Our albatross girls

I must have compiled half a dozen or more posts since my last of December 28. Unfortunately, they were all composed in my head, either while driving around the island (plenty of time for contemplation at a maximum of 50mph), or during one of my frequent bouts of insomnia (which I attribute to age, not location!) So, apologies for the extended absence and, obscenely belatedly, Happy New Year…or, rather less belatedly, Gung Hay Fat Choy!

One of the most frequent topics for my mental musings is our local population of laysan albatross. I briefly mentioned some weeks ago that they were/are back on Kauai.

Nov 2012: returning albatrosses find their mates

Nov 2012: returning albatrosses find their mates

They started returning mid- November. Once one appears, it seems they all stream in. After courting and mating, all the nesting pairs concentrate on incubating their (single) egg and raising their chick.

Each parent takes it in turn to fly all the way back to Alaska to feed (yes, seriously, a round-trip of roughly 6,000 miles), while the other is dedicated to sitting full-time on the egg. They swap every two or three weeks until the egg is hatched, then more frequently as the chick grows, often covering the round-trip in only four or five days. Not surprisingly, the nesting bird is too hungry to hang about for long once its mate returns to relieve it.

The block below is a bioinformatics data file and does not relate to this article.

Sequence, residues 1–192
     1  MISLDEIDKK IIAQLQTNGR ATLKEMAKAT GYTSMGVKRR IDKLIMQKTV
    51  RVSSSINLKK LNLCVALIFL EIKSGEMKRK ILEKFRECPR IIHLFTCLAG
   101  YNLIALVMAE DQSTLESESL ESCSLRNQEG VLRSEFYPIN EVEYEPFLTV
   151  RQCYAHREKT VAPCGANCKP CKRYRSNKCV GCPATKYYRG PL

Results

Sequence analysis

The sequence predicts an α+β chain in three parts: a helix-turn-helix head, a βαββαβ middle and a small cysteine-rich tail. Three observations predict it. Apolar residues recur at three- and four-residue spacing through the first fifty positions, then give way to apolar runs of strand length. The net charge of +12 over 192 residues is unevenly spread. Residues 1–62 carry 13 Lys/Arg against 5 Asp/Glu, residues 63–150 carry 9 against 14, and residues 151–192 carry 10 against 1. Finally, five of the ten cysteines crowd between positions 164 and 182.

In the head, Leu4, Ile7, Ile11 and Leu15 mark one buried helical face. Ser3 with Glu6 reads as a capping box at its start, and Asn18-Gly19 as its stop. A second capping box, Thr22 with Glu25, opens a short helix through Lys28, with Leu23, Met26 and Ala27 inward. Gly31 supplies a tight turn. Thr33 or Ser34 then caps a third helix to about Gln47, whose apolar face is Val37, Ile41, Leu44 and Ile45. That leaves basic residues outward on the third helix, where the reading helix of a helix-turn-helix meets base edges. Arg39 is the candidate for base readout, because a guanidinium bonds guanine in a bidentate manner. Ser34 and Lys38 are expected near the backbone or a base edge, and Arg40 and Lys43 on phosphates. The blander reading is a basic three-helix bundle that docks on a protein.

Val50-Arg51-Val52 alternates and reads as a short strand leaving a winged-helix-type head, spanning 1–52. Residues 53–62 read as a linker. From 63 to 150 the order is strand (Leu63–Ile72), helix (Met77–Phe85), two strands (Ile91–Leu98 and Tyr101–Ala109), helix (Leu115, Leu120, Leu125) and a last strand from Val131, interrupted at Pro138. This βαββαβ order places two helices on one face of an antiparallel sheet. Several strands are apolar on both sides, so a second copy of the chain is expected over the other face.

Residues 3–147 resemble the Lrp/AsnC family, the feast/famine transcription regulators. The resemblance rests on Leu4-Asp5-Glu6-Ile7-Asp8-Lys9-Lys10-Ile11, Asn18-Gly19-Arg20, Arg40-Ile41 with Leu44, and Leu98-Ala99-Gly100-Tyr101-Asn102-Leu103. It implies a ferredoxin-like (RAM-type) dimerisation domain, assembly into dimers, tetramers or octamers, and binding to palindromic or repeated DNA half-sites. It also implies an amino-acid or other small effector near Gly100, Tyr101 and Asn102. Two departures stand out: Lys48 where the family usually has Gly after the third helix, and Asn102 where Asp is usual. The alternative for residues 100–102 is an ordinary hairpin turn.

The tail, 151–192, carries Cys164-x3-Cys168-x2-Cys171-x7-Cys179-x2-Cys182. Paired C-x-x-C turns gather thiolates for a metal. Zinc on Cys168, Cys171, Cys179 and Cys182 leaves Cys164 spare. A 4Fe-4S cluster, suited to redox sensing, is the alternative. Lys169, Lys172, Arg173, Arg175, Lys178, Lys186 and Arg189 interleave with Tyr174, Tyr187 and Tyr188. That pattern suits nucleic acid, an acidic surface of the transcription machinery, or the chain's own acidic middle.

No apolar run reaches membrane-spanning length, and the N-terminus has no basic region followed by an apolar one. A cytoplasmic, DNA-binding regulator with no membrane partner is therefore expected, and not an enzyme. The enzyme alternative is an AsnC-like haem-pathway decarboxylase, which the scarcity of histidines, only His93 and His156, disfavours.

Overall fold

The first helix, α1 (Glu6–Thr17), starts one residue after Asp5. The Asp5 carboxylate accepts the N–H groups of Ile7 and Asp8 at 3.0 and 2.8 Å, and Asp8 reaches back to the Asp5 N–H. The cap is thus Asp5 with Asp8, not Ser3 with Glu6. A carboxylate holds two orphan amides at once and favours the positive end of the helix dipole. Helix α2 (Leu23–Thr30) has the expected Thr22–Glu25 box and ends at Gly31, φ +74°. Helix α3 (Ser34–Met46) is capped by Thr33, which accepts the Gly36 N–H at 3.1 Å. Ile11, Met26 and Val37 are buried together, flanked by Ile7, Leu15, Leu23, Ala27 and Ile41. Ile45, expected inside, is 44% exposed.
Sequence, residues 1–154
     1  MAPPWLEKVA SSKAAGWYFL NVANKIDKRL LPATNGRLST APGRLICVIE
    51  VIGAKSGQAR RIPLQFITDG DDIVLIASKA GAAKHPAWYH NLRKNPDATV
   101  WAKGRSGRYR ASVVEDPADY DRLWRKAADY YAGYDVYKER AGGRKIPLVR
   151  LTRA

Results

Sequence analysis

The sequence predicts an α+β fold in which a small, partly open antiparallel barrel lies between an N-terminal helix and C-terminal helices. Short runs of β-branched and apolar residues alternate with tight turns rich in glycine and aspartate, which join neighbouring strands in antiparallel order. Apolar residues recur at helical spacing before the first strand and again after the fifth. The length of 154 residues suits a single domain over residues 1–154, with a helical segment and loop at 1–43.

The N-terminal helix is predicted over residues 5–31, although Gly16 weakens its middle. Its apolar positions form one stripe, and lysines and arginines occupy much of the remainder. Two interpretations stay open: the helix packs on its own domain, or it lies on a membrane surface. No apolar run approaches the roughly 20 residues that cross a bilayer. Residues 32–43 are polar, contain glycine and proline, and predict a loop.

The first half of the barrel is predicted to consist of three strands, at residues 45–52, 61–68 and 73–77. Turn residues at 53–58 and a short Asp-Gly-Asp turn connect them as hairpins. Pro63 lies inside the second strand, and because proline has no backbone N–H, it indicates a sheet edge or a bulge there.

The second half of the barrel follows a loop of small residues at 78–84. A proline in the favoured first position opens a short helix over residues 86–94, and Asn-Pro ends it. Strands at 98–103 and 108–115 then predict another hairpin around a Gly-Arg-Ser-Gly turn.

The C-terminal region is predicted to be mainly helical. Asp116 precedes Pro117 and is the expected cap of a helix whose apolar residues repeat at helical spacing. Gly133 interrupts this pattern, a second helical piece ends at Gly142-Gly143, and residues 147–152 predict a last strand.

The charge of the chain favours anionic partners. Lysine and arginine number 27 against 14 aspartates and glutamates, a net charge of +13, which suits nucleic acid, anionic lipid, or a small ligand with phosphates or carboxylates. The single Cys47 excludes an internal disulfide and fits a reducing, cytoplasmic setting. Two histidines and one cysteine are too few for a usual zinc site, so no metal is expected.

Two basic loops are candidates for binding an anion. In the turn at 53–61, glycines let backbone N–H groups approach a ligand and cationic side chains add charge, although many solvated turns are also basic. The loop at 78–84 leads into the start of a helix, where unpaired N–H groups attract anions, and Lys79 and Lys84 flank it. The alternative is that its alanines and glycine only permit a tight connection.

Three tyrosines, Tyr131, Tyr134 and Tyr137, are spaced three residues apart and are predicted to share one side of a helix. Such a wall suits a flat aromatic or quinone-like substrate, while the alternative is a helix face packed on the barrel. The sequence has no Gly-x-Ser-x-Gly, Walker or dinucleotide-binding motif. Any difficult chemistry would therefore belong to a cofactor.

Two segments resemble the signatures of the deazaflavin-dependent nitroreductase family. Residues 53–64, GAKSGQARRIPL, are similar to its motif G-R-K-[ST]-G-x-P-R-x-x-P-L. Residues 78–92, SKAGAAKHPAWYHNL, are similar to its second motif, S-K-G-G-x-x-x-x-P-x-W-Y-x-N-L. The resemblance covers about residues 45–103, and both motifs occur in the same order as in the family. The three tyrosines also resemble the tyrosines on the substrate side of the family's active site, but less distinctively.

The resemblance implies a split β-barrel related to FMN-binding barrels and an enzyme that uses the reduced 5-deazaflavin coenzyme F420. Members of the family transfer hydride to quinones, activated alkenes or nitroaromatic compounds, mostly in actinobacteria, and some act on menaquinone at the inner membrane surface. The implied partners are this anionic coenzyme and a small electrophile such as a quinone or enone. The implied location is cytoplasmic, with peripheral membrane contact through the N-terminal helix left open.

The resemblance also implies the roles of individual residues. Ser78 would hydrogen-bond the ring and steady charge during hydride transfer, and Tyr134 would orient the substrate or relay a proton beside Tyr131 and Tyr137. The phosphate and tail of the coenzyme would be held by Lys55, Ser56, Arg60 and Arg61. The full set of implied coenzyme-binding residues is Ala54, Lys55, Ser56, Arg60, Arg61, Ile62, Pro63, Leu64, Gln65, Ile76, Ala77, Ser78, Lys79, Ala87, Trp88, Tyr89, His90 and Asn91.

So, during this incubation stage, the neighborhood goes a little quiet for a while.

IMG_5386However, the activity level picks up considerably early in the new year, when the non-nesters start appearing.

"If I stand really still, perhaps they won't notice me."

“If I stand really still, perhaps they won’t notice me.”

Non-nesters include those adults who for one reason or another do not have a partner this year, as well as the three to seven year old juveniles who are not yet old enough to mate, some of whom have returned to the island for the first time since they fledged (they usually spend the first three years at sea).

Each chick is banded before it leaves the nest; Kīlauea Point and Princeville chicks are given a ‘KP’ prefix. Last year, KP338 and KP643 nested on the border between our home and our neighbor. I learned a little about this pair at that time, but, since we only visited our new ‘vacation’ home for a week or two in February 2012 and again that April, we didn’t see the whole process through all the stages. However, we did find out that they are both females.

We were surprised to discover that female pairs are quite common. It’s not known why this happens, but they are definitely as dedicated as their male/female counterparts in incubating the egg. When both females lay an egg, one of the eggs has to be removed, as they only have the resources to incubate and raise one chick. Of course, the chances of them having a fertilized egg are somewhat limited…but not impossible, since there’s sometimes a randy male hanging around the neighborhood ready to jump their bones when they first return to the area!